Colombian singer-songwriter and composer Chabuco has released fourth solo album titled “Encuentro” (Encounter), a superb mix of coastal Colombian Caribbean music and Brazilian music. The album is his first release for a major label, Sony Music.
The album was recorded in São Paulo, produced by acclaimed Brazilian musician, arranger, composer and producer Swami Jr. The musicians that participated in the Encuentro include Brazilian pianist Zé Godoy, Puerto Rican percussionist Richie Flores, the arranger, composer and instrumentalist Milton Mori, percussionist Douglas Alonso and bassist Marcelo Mariano (Djavan). Encuentro also features two special guests: Spanish star Alejandro Sanz who delivers a diet with Chabuco and renowned Dominican singer-songwriter, Vicente García.
We talked to Chabuco about his background and the new album.
How and when did you start working professionally in the world of music?
I’ve always been connected to music, but my foray into stages and records and tours was with the group Los Pelaos.
What do you think are the fundamental elements of your music?
One of the fundamental elements of the music that I make is that of my roots, henceforth the different genres that I fuse.
How has your style evolved?
The learning from these encounters with different genres has been fundamental to mature as a musician. That is evolution.
Your album “Encuentro” you mix Brazilian music with jazz, Colombian music and other styles. When did you discover Brazilian music?
I listened to Brazilian music since I was a child because of the adults around me, Tom Jobim, Gilberto Gil, Toquiño, Djavan and others. Therefore, my interest in combining my Vallenato folklore with the music of Brazil.
How was the experience of recording in Brazil?
The best thing that happened to me was recording in São Paulo Brazil, because of the love for music, the respect and union that they give you, made the work more pleasant. I would repeat it again!
What does the Colombian public think about your Brazilian sound?
Everyone likes Brazilian music; well, nearly everyone! But what I do is to dress vallenato with other folklore styles, so what my audience likes is what I come up with and how vallenato sounds from another musical perspective without losing its essence.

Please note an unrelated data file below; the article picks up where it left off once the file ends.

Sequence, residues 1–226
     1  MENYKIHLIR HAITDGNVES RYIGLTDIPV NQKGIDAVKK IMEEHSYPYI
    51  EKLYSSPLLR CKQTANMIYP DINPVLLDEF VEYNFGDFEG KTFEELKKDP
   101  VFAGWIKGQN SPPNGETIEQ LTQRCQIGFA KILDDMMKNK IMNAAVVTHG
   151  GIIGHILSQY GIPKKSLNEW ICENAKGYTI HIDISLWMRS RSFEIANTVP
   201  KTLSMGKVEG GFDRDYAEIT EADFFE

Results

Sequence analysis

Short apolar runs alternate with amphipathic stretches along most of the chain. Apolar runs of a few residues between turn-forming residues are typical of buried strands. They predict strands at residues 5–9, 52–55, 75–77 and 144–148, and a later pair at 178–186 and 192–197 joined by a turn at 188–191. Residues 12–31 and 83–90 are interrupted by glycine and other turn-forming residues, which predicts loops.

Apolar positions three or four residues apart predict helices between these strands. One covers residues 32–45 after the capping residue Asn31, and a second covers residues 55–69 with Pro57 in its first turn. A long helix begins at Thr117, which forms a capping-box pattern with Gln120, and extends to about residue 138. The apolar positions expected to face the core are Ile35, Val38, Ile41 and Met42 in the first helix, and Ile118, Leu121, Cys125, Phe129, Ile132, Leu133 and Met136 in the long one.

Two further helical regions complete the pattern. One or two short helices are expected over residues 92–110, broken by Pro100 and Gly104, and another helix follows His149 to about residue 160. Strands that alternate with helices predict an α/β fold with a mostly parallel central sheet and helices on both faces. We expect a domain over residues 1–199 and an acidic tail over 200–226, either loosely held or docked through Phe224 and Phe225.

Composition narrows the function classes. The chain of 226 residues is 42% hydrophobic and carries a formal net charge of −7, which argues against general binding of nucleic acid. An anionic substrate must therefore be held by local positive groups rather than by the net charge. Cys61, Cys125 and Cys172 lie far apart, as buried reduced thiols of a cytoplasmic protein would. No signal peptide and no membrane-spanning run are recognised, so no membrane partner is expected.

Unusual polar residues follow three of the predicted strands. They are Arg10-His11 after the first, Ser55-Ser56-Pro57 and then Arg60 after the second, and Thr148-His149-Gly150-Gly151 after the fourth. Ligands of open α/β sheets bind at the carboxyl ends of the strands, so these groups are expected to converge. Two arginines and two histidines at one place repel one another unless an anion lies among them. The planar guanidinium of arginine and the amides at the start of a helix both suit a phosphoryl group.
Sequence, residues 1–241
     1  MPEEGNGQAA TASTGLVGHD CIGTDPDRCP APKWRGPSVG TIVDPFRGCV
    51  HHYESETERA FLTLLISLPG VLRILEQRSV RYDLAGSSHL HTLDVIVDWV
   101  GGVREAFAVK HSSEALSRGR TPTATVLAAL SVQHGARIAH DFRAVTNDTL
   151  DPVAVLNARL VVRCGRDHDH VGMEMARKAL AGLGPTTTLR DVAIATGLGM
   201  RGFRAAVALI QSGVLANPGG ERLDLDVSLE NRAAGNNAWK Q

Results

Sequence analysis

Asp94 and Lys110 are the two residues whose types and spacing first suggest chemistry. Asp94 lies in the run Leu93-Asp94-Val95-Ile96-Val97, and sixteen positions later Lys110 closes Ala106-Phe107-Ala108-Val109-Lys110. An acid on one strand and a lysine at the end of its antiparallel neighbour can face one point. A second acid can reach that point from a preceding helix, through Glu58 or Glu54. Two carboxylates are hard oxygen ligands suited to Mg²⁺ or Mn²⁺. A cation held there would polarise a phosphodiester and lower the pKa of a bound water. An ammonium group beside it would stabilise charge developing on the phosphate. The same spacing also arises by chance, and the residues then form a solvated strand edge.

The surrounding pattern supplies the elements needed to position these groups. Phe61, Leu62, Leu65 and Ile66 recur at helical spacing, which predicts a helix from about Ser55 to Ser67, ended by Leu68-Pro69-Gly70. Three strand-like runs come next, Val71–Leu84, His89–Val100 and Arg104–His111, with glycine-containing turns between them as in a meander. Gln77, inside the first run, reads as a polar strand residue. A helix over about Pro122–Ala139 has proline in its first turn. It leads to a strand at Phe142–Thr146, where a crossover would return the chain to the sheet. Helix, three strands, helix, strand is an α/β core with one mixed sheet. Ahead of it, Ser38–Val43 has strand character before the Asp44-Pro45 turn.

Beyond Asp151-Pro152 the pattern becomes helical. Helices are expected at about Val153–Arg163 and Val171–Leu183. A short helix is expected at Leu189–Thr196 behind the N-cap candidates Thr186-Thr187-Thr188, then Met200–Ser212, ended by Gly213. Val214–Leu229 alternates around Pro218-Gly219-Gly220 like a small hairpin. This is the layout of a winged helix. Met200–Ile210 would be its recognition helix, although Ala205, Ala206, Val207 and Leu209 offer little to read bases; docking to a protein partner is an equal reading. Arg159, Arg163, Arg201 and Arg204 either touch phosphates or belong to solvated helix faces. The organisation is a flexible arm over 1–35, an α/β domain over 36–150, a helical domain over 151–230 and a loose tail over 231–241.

Are you going to continue exploring the Brazilian side?
Well, if I could do it again, I would do it a thousand times, but I like to find different sounds all over the world.
Besides being a singer, you are also an instrumentalist. What instruments do you play and which one do you like the most?
I like to accompany myself with my guitar. Aside from that, I have the soul of percussionist, and I play the accordion.
If you could gather the musicians or groups that fascinate you the most to record an album or collaborate live, who would you call?
I would call to play live Richie Flores, Horacio Negro Hernandez, Kike Purizaga and Diego Valdes.
What music are you listening to currently?
I listen to boleros, funk, timba, classic vallenato, salsa, pop, and African music that is the mother of all.
What do you like to do during your free time?
Listen to music and get together to sing with my friends.
What country or countries would you like to visit?
African countries, Poland, and return to Berlin, because I am in love with Germany.
What other projects do you have in hand?
Continue traveling through many places where you can find music, and also leave everything documented. Many places are missing.
Author: Angel Romero
Angel Romero y Ruiz has been writing about world music music for many years. He founded the websites worldmusiccentral.org and musicasdelmundo.com. Angel produced several TV specials for Metropolis (TVE) and co-produced “Musica NA”, a music show for Televisión Española (TVE) in Spain that featured an eclectic mix of world music, fusion, electronica, new age and contemporary classical music. Angel also produced and remastered world music albums, compilations and boxed sets for Alula Records, Ellipsis Arts, Music of the World.